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Scientific
background

Prejudice
is an emotional response, associated with feelings of hate and fear (Cotterell
& Neuberg, 2005) towards individuals who are unfamiliar. Discrimination is the
different, largely unfair treatment of an individual because of their outgroup
status (Stratton & Hayes, 1999 (as cited in Boag and Carnelley
2012). The reduction of negative attitudes and behaviours in society is important;
attachment types have been linked with prejudice and discriminatory behaviour.

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Attachment
theory suggests that sensitive parenting encourages a child to develop a secure
attachment type with a positive internal working model (Chen,
Dweck & Johnson 2007). This internal working model is a mental representation
of the world that aids understanding of the self and others. This model has
been found to influence attitudes and behaviours towards outgroups; insecure
attachment types have been correlated with negative attitudes towards
immigrants (Hofstra et al., 2005; van Oudenhoven & Hofstra, 2006). Although
these attachment patterns are stable (Hamilton, 2000) they can be temporarily
induced via attachment priming (Baldwin, Keelan, Fehr, Enns, &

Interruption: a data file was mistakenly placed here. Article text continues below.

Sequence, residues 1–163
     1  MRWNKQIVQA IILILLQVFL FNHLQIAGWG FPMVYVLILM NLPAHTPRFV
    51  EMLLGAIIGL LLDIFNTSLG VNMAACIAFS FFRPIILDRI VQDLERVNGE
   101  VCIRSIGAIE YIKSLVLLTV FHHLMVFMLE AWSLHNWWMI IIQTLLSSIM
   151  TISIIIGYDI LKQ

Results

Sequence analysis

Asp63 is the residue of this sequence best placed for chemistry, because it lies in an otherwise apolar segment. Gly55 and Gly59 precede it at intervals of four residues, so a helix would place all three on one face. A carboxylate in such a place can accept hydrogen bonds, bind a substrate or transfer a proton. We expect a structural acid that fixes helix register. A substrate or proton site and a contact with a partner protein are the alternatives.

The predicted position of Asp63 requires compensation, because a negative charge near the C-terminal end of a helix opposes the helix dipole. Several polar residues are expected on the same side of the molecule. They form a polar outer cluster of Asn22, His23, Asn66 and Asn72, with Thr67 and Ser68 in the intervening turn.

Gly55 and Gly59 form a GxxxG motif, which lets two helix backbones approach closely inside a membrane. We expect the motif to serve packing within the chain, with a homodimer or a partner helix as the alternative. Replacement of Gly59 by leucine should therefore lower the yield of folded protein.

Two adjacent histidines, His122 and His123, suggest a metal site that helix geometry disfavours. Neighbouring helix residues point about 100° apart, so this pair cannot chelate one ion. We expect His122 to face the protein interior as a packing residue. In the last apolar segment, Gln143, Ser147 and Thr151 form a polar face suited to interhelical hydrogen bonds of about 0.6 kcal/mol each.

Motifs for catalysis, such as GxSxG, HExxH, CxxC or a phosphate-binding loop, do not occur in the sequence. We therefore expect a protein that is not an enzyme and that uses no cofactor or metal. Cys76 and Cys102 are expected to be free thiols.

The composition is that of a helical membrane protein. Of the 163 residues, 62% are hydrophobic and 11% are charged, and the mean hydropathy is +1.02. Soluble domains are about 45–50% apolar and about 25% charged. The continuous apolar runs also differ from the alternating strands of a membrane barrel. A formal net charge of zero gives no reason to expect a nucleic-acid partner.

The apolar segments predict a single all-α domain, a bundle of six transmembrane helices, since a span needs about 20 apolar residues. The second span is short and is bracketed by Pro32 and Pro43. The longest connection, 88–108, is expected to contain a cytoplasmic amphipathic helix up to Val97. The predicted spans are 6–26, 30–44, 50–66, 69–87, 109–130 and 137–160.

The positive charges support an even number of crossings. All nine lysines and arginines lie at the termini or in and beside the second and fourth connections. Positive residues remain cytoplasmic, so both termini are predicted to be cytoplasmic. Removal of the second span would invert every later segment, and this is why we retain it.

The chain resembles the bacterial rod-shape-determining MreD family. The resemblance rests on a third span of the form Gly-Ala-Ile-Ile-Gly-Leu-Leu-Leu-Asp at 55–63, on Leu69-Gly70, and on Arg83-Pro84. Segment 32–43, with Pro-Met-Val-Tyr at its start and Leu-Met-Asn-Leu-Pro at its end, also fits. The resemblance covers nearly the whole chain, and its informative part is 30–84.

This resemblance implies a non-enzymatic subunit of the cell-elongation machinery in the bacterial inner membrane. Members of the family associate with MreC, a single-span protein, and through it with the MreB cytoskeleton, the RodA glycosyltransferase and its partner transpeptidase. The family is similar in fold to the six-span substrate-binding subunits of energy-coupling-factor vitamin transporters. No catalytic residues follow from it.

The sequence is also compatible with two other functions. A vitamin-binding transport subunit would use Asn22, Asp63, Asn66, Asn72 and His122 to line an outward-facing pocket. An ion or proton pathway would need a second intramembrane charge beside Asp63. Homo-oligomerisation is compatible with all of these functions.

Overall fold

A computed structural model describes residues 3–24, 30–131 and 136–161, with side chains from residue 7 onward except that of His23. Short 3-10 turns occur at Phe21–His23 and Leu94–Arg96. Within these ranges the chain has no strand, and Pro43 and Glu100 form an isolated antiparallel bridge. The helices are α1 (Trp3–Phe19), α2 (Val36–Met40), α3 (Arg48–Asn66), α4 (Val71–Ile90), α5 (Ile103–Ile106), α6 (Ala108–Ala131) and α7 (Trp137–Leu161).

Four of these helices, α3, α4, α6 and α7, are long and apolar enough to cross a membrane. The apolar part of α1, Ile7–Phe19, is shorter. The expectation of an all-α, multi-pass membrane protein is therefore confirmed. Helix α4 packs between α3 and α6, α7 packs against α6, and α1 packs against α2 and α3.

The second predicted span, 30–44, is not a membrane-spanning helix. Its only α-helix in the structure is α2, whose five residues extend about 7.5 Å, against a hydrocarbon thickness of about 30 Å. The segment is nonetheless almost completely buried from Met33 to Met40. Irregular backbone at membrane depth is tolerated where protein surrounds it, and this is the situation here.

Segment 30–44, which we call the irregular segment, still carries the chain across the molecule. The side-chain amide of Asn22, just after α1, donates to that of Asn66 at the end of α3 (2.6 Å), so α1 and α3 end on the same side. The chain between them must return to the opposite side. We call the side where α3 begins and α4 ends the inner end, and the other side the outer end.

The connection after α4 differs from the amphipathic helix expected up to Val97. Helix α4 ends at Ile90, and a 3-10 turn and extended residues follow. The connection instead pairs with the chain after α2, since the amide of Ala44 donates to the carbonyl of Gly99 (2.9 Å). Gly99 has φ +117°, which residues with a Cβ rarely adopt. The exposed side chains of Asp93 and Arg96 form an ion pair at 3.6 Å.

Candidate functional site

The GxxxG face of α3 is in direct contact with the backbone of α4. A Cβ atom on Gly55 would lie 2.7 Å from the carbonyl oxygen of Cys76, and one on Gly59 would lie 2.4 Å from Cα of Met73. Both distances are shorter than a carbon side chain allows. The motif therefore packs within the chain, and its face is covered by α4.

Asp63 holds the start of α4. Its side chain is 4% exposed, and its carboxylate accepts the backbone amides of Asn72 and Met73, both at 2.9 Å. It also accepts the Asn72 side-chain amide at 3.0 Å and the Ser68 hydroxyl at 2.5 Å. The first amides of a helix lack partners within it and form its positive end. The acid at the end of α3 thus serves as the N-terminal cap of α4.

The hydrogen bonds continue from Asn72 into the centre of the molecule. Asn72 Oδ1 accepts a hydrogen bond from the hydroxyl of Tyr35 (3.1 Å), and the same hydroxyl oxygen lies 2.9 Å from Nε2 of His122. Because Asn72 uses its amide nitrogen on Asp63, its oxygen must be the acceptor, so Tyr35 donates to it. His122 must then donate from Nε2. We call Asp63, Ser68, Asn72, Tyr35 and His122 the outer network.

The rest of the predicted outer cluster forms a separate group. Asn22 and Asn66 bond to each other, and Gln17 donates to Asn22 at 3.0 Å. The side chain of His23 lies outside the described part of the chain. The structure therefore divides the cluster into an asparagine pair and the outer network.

Koh-Rangarajoo, 1996; Rowe & Carnelley, 2003). Many correlational studies
support that primed attachment security reduces negative evaluations and
aggressive behaviour towards outgroup individuals (Mikulincer & Shaver,
2001). However, there is a lack of causal evidence.

 Boag and Carnelley (2012) were the first in
the field to provide evidence of a causal effect between increased primed
attachment security and the reduction of prejudice and discriminatory behaviour
towards Muslims. On reviewing this research there is a methodological weakness
that reduces the internal validity of this causal link. Boag
and Carnelley (2012) assumed priming attachment security increased secure based
thinking in the priming group in comparison to the control. However, an
increase in secure based thinking was not measured. Therefore, it may not be
the increase in secure based thinking that caused a reduction in prejudice and
discrimination towards Muslims. To ensure internal validity of this effect, the
present study will add a measure of secure based thinking to both before and
after the attachment priming task and the control task.

To
measure secured based thinking an implicit association test (IAT) (Egloff
& Schmukle, 2002) will be applied. An IAT measures the strengths of
associations between two concepts through observation of response latencies in
categorization tasks. This measure has been found to have good reliability and
predictive validity in several experimental settings (Egloff & Schmukle,
2002). As research highlights that individuals may not be aware of their
attachment security or be embarrassed to report it truthfully (Leak &
Parsons, 2000) the IAT is a valid measure as it is implicit and is not
susceptible to social desirability (Greenwald, Poehlman, Uhlmann, & Banaji,
2009). This will uphold a positive aspect of Boag and Carnelley’s study (2012) where
they ensured social desirability did not confound results. The following study
will add an IAT of secure based thinking. If an increase in secure based
thinking is recorded, a reduction in prejudice and discrimination can be
attributed to this effect and therefore provide internal validity to a causal